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A recent sitdown for the animated film “Robots,” in which the Oscar-winning actor and comedian voices the part of the loosely bolted Fender, had Williams in classic form. Let the mayhem begin.

What’s on that T-shirt you’re wearing (under a sports coat)?

It takes someone as zany as Robin Williams to speak for Fender, right, a mishapen robot scavenged from miscellaneous parts that, naturally, lends itself to one zany trademark riff after another. Williams joins the likes of Ewan McGregor, Halle Berry, Drew Carey and Amanda Bynes as voices behind the computer-animated ”Robots,” directed by Chris Wedge (”Ice Age”).

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This is your first animated film since “Aladdin.” Why didn’t you go back to Disney?

Michael’s (Eisner) still there, but not for long! Quickly, rush the gates! (In Mickey Mouse voice) “C’mon, everybody, we don’t have to take this (crap) anymore! I’ve got four fingers. I can hold a gun! They’re marching down Main Street! (Singing in French) Come on, French Disneyland, kill him! Cut off his head! He has no heart! Come, quickly!”

It would be like the revolt you see in this movie, with all the rusted outmodes against the upmodes.

Seriously, I did it because it’s created by Chris Wedge, because it’s based on William Joyce’s drawings ” conceptual drawings. I saw the animation and what Chris did with “Ice Age,” and I went, “Oh, it’ll be great.” Plus, when you see his Academy Award-winning short, “Bunny,” it’s really sweet. You realize that he’s got the chops. It’s nice, if you’re doing a comedy, to have someone with a sense of humor.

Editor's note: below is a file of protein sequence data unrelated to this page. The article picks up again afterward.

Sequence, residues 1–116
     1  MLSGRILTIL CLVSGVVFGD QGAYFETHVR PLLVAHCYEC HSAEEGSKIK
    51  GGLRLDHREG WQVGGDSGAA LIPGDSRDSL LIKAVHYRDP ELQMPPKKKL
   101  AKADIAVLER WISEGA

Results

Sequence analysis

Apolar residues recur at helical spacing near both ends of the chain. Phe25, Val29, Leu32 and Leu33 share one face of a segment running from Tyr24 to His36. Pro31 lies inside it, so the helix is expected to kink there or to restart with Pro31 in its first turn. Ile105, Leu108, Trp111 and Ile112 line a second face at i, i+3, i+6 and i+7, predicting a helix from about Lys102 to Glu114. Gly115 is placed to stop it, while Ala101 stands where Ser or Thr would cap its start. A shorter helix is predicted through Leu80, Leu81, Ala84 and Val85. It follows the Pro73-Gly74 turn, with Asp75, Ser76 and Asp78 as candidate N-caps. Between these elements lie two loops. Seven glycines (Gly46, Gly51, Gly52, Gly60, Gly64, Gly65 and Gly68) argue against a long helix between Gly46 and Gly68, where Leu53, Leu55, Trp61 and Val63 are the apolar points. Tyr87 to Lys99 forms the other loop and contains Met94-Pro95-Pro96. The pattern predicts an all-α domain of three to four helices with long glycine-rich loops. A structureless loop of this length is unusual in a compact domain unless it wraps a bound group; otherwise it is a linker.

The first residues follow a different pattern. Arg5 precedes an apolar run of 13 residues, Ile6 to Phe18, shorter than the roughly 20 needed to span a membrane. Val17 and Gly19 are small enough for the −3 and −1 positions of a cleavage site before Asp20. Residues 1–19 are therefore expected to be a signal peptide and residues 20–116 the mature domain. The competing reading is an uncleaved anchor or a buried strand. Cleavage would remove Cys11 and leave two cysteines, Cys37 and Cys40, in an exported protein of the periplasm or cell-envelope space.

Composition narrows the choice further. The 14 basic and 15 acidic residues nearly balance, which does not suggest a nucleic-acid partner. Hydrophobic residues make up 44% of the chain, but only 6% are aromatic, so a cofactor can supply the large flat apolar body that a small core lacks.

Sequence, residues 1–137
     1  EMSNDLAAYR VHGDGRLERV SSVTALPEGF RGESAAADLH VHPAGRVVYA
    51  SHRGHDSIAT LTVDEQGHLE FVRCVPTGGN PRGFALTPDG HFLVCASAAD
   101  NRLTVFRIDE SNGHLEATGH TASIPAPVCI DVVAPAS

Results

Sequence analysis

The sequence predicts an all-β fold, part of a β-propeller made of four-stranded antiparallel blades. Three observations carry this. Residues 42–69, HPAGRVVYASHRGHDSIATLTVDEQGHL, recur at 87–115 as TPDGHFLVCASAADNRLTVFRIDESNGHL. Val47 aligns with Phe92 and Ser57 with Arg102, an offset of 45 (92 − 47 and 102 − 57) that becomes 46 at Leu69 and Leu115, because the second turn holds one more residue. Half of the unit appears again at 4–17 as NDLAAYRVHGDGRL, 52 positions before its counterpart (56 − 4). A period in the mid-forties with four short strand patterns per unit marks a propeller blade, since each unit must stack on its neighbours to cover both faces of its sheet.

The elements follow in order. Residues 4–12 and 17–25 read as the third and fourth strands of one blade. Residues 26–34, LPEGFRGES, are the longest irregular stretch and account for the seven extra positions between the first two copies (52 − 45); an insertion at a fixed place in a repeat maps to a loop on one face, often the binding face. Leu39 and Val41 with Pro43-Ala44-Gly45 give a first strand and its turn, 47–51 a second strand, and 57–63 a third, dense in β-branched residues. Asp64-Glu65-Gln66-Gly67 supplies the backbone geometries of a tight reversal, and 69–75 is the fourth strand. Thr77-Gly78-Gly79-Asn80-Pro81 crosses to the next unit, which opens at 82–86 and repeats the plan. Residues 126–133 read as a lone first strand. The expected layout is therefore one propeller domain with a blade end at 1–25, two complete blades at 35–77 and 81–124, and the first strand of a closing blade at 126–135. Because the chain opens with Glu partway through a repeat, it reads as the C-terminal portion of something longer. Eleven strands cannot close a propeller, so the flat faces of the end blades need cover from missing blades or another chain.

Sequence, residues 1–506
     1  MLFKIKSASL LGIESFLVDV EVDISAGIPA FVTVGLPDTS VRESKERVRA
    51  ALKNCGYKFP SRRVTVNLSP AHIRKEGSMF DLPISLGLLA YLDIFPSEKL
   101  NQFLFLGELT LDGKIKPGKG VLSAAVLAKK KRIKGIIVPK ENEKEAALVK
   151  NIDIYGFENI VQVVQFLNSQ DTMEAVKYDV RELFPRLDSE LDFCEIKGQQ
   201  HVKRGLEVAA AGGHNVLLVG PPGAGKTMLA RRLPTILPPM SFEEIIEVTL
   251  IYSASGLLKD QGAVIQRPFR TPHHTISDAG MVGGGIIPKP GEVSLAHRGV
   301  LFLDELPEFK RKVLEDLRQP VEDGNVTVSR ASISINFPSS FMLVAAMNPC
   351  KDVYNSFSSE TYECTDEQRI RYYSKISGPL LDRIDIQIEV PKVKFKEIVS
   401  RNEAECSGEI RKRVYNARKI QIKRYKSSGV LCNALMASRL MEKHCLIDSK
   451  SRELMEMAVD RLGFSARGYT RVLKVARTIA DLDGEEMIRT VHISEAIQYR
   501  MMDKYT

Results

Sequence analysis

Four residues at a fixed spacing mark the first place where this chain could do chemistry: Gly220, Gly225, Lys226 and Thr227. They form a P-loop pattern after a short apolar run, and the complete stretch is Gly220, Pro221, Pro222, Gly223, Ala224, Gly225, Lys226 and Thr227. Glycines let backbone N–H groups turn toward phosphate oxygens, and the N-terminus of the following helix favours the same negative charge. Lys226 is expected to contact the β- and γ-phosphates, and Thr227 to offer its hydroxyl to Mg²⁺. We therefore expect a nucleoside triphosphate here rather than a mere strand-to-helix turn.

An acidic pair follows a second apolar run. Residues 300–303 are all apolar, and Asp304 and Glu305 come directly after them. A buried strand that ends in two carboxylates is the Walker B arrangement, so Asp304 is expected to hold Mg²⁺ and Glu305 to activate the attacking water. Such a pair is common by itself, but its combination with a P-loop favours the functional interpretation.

Were you able to do a lot of improvising?

Yeah, it was so much of that, but the movie’s great because you can be wild, but then you come back and you can be quiet, and also it still has a great world and an interesting story that sustains it. I can be the damaged part ” hey, big stretch ” and still have something to fall back on and be part of an ensemble piece with all these other wild characters.

Like you, Fender is able to go off in many different directions. Did you come up with the character yourself?

No, no, that came there, when he was on the assembly line. They came up with the idea that because he falls apart, he’s always scavenging different parts, and each time you put a different part on, it’s like when you get a hand transplant from someone else ” like the movie, “The Hand,” but without Oliver Stone. “I’m directing ‘Alexander’! He wasn’t Alexander the Great, he was Alexander the Fabulous! Who’s that Persian boy? Bring him to me! What are you doing? Oh, God, what do I say? Stand behind your man. Are you Trojan? Oh, so, it’s a question of what’s going on under the kilt? Nothing. It’s in perfect working order. You know, it’s the question that if you wanna lift the skirt, you have to pay the man.’ “

How long did you work on “Robots”?

I guess about 32 hours in all. I don’t know whether it’s eight four-hour sessions or four eight-hour sessions, but we’d try stuff and then they’d come back, then we’d try more and you’d add to that, and then you come back and try a little bit more. The good news is that they do it in layers. They try stuff and then they’ll have like rough screenings with kind of rough animation. Audiences can deal with it enough to at least go, “Well, that’s kind of good.” And then they went, “‘OK, let’s use this and drive the story more.”